Dissertaties Historische Kartografie / Theses History of Cartography
GIS voor historisch landschapsonderzoek
GIS voor historisch landschapsonderzoek: Opzet en gebruik van een historisch GIS voor prekadastrale kaarten
Diss. Utrecht 27 juni 2008
GIS for historical landscape research: Set up and use of a historical GIS for pre-cadastral maps
Formulation of the problem
This study focuses on the use of a geographic information system (GIS) with regard to access to map books.
The goal of this study is the following:
- To obtain insight into the various types of geographic information systems in which time is a factor;
- To determine what role a GIS can play in the study of old maps in general;
- To elaborate a conceptual and functional model for an information system for pre-cadastral material, making use of property maps, as an example of a historical GIS
- To obtain insight into the behaviour of historical researchers that use historical GIS, whereby the GIS for property maps serves as an example.
In order to be able to answer these questions, a GIS has been established for property maps. This GIS has been set up according to the calibration method: the GIS is comprised of phases, with a theoretical or practical study being set up in each phase, the results of which are placed in a new prototype for each phase.
To begin with, there was the idea of making the contents of map books accessible with the aid of a database system. It quickly became clear that a GIS would be more suitable for this. Then the parcels could be visually accessed, that is to say the user would see the parcels in their correct positions on a map. This adds a geographic search option. Another advantage of the use of a GIS was that now selections could be visualised. Thus patterns could be made visible, for example patterns in the distribution of the properties of a certain owner. In collaboration with such organizations as the Delft Municipal Archives, a project was started in order to expand the existing database by adding the data on all map books of the municipal archives, and linking this to a GIS.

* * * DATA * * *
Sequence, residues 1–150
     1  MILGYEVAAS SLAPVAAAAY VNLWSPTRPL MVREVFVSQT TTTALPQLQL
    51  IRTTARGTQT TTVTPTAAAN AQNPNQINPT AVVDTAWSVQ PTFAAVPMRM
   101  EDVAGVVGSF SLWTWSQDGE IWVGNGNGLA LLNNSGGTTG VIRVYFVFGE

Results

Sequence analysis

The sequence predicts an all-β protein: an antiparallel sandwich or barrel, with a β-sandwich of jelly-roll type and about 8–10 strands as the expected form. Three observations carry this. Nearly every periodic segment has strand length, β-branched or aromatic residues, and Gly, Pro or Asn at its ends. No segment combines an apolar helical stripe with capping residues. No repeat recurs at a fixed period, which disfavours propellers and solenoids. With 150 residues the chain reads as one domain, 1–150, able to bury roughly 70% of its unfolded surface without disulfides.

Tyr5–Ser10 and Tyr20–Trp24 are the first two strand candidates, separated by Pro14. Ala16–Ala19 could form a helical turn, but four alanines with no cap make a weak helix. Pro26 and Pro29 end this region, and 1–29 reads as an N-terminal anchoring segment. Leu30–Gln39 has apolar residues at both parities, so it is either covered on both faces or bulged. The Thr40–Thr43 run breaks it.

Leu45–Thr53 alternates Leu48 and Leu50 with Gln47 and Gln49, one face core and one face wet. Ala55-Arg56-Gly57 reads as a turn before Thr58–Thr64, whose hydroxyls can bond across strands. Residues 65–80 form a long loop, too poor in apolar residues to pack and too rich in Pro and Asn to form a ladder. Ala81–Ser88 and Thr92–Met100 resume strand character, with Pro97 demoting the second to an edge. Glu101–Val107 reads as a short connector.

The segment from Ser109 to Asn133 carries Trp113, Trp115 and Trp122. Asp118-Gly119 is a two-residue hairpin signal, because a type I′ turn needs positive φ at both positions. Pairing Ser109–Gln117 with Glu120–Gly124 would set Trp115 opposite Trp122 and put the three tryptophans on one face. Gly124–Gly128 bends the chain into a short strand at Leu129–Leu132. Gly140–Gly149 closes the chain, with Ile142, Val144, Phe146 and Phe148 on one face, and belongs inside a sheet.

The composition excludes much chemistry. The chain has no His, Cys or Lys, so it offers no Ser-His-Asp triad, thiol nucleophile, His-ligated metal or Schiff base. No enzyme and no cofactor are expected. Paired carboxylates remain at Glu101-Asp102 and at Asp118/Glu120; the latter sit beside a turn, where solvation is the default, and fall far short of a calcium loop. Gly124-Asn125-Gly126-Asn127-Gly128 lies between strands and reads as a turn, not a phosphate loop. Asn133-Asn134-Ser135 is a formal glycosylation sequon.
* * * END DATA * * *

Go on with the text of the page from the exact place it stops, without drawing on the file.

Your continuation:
In addition to the transfer of the database to the GIS, first the determination what type of GIS should be chosen. This depended on such factors as the modelling of the factor ‘time’.
The factor of time can be modelled in various ways. For the GIS that was developed in this study, we chose a branching time model and a multi-perspective time model. A branching model is based on the fact that each parcel is dated individually, independently of other parcels. A multi-perspective time model also applies, because there is a difference between validity time and input time. The models are concretised by including validity time as an attribute in the database. By working with map layers that have different validity times, a temporal cross-section is also created.
With regard to GIS’s with a historical application, a system can be a historical GIS (HGIS) or a temporal-historical GIS (THGIS). The present study involves an HGIS. This is determined by the nature of the sources of which the GIS is established: map books. The parcels on the maps in map books usually have only one validity time that is stored in the database. There is indeed supplementary data in the system, in the form of a series of topographic maps from various years, but the parcels are the object in this study and they have only a single validity time.